What Types of Health Complications Might Fleas and Ticks Cause?

Though fleas and ticks are most closely associated with cats and dogs, humans are also susceptible to their itchy bites and the diseases they may carry. Let's take a closer look at a few common illnesses you may encounter.

Health Complications Caused by Fleas

You may have heard someone say their pet is allergic to fleas; the allergy is to the saliva from the flea bite. This is called flea allergy dermatitis and causes relentless itching and scratching. Since it is the saliva, the itching may continue even after the fleas have been treated and removed.

Another health complication is spreading a parasite called dipylidium, commonly known as tapeworm. Tapeworms can be present in multiple species, including humans. It can cause diarrhea, rapid weight loss, abdominal pain, and anemia in humans. In very rare cases, it can cause infection in the brain.

Note that it is crucial to have a professional inspect your home following an infestation. Fleas can lay up to 2,000 eggs in a lifetime and can hide dormant for months before hatching and infecting you or your pets. Thorough elimination is the best way to stay safe.

Health Complications Caused by Ticks

Ticks are notorious for health problems beyond the bite. Like fleas, they can spread disease to pets and their humans.

Lyme disease

Lyme Disease

There is one significant disease associated directly with ticks called Lyme disease. Lyme disease is a bacterial infection you get from the bite of an infected tick. At first, Lyme disease usually causes symptoms such as a rash, fever, headache, and fatigue. But if it is not treated early, the infection can spread to your joints, heart, and nervous system. Prompt treatment can help you recover quickly. Speaking to your vet about the Lyme disease vaccine is recommended in high-risk areas.

sick cat


A lesser-known disease but highly fatal to cats, cytauxzoonosis is a tick-borne disease contracted when a tick bites an infected bobcat. Afterward, if an infected tick bites a domestic cat, it passes along the disease. It used to be thought that domestic cats would almost always die if contracted. Through increased awareness and modern treatment, that risk has been mitigated to an approximate 40% death rate. Symptoms are clinical lethargy, fever, and inappetence within 5-20 days after the tick bite.

Oklahoma's Flea and Tick Control Experts

Just because fleas, ticks, and other pests are a common warm weather obstacle does not mean we do not understand them. When temperatures start to rise, outdoor activities increase. This leaves our children and pets enjoying the outdoors more vulnerable to carrying critters inside or getting bitten. When fleas and ticks bite or latch onto the skin, particularly in our furry friends, the chances of in-home infestation climb dramatically. Our services provide a reliable defense against these insects and allow for peace of mind so we may enjoy the great outdoors.

Our flea and tick control service focuses on evaluating your landscape and attacking any preexisting populations that might have already moved into your yard. We have tested our methods and procedures time and time again to assure you that you are receiving the highest quality service in the area. It is not hard for pests to move in, but with our simple program, it is easy to serve them an eviction notice. You are on your way to a cleaner, safer, and more functional outdoor living space with a few quick steps.

Flea and Tick Prevention

Don't assume that indoor pets are 100% safe from fleas and ticks. Visiting people or pets can bring them in from the outside. Even taking your pet for a walk could lead to an infestation.

Most vets will recommend a prescription strength, monthly preventative to keep your pet safe. Depending on your home and its surroundings, outdoor treatment may also be recommended. And, of course, always check your pet (and yourself) if you adventure into high-risk areas.

How to Get Rid of Fleas and Ticks

If you suspect or see clear signs of infestation, act immediately! First, disinfect and wash all bedding, any washable rugs, drapes, etc., and other furniture covers. Thoroughly vacuum and clean everywhere else. For maximum protection, notify your vet and look to a professional pest service to check and treat all stages of fleas and ticks, from eggs to adults.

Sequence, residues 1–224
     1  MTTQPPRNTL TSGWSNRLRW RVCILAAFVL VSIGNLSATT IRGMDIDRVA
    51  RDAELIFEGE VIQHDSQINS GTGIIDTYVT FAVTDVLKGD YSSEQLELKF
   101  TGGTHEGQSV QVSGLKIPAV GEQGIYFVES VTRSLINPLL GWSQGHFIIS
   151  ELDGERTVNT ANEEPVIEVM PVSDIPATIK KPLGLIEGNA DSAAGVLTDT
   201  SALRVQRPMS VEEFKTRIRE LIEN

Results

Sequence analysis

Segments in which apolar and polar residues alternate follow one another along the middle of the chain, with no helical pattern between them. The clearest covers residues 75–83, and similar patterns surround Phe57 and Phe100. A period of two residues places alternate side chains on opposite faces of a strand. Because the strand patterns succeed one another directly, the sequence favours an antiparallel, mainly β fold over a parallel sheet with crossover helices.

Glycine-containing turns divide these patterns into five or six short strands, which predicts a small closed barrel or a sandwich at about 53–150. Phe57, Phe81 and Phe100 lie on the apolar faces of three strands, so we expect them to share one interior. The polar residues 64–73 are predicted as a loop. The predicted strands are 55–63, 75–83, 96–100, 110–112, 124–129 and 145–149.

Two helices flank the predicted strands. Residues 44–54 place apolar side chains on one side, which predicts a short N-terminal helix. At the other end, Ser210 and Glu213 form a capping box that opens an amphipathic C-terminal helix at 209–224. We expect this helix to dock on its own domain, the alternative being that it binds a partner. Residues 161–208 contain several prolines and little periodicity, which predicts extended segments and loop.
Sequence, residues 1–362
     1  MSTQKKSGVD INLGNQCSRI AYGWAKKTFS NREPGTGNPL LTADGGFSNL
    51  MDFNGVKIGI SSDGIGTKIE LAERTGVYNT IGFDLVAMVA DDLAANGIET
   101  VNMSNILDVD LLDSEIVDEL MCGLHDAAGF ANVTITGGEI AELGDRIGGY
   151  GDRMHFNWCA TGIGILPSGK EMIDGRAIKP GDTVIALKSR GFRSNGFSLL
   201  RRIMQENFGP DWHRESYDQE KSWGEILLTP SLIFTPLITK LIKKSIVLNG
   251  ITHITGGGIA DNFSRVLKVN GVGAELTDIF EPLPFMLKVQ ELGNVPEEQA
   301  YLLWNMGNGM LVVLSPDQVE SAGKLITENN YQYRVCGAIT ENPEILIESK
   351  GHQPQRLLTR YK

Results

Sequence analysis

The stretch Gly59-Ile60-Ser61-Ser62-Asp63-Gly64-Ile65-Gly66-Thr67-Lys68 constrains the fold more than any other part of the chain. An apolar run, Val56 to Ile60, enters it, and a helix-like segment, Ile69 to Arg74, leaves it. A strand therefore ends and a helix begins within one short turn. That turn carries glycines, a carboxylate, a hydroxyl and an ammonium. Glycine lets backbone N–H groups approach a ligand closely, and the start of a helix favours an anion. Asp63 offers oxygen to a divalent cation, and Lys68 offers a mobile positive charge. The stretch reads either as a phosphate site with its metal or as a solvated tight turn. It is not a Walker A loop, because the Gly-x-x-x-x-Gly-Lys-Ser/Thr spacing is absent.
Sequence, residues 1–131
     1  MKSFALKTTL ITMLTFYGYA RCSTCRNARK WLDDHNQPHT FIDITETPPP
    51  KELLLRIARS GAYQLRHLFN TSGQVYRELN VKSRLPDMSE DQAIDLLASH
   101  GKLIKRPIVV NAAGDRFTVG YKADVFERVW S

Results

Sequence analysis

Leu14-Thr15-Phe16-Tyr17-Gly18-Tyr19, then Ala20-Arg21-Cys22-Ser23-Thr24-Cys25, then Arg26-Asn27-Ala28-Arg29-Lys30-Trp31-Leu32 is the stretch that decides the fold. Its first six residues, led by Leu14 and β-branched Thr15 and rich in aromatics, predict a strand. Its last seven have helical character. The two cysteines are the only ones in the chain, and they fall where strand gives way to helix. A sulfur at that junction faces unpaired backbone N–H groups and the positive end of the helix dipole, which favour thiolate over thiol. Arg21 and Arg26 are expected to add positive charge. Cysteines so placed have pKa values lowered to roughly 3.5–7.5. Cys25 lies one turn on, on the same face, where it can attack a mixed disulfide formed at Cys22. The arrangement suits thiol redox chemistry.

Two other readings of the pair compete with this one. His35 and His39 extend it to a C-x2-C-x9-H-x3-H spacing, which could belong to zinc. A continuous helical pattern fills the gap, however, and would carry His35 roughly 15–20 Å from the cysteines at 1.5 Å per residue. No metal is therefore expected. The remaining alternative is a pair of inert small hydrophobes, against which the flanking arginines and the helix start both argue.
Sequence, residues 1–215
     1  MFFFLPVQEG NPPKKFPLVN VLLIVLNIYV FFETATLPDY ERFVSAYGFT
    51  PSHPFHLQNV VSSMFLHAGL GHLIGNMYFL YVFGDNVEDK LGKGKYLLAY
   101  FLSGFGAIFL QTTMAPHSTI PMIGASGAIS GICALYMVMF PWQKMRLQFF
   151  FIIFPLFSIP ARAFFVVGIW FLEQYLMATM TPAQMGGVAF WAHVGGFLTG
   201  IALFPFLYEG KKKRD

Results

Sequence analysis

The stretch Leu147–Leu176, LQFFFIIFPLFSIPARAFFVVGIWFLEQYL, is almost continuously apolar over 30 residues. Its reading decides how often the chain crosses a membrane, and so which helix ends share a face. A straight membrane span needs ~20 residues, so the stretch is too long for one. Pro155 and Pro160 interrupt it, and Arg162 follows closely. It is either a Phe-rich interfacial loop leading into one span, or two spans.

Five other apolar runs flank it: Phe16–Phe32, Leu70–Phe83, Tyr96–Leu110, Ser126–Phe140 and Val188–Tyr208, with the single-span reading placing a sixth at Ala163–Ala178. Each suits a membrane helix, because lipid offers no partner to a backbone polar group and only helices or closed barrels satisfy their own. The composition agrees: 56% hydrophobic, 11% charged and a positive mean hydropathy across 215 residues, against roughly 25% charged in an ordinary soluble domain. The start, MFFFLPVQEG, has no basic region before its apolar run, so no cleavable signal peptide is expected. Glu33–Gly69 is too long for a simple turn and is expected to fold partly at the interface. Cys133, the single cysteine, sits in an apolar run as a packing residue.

Most Importantly, Stay Calm

Fleas and ticks are a menace but can be dealt with quickly. Taking precautionary steps significantly impacts the scale of infestation in and around the home. If you notice fleas or ticks, keep calm, and take action. In the end, precaution protects your pets and family so that you may find solace in your happy, healthy home.

How Does it Work?

  • Step 1: We provide a consultation

    A dedicated team member will come to your site to evaluate your property. This ensures we select the highest priority options for you and find the heart of the issue.

  • Step 2: We begin the requested treatments

    Following the evaluation, your pest control technician can move in and aggressively attack any found infestations. Typical locations for treatment are the interior of the home, the exterior of the home, and the yard or garden. Treatment service comes in two forms: a sprayed fluid and aerosol pesticide. Customers can rest assured both are safe for children and pets. Adult fleas and ticks must be dealt with immediately, and treatment may be applied to any appropriate location.

  • Step 3: A second treatment is completed

    Treatment number two stops the spread of any younger offspring. This controlled management system is a critical way to prevent the development of eggs and larvae of both fleas and ticks and extends to similar pests.

  • Step 4: A defense shield creates an ongoing barrier

    Now that your team member has administered two target treatments, it's time to focus on prevention. Our specialized defense shield formula makes a boundary around your home and yard. This technique is proven to thwart these tiny intruders.

  • Step 5: Yard maintenance increases the effectiveness of treatment

    Your yard will be safer instantly, and we want to maintain that safety. Our team can stop any resurgence with monthly treatments following your initial assessment and treatment. Flea and tick pest control is the best way to ensure a protected outdoor experience.

Ready To Take the Next Step?

Emtec Pest Control is a trusted partner for flea and tick control in Tulsa and OKC. With over four decades of experience treating homes and businesses for Oklahoma's toughest pests, we have the expertise and knowledge to help. Our average technician has over 15 years of experience working with our company, and our combined experience exceeds 200 years. Emtec is ready to take even the most challenging situation head-on!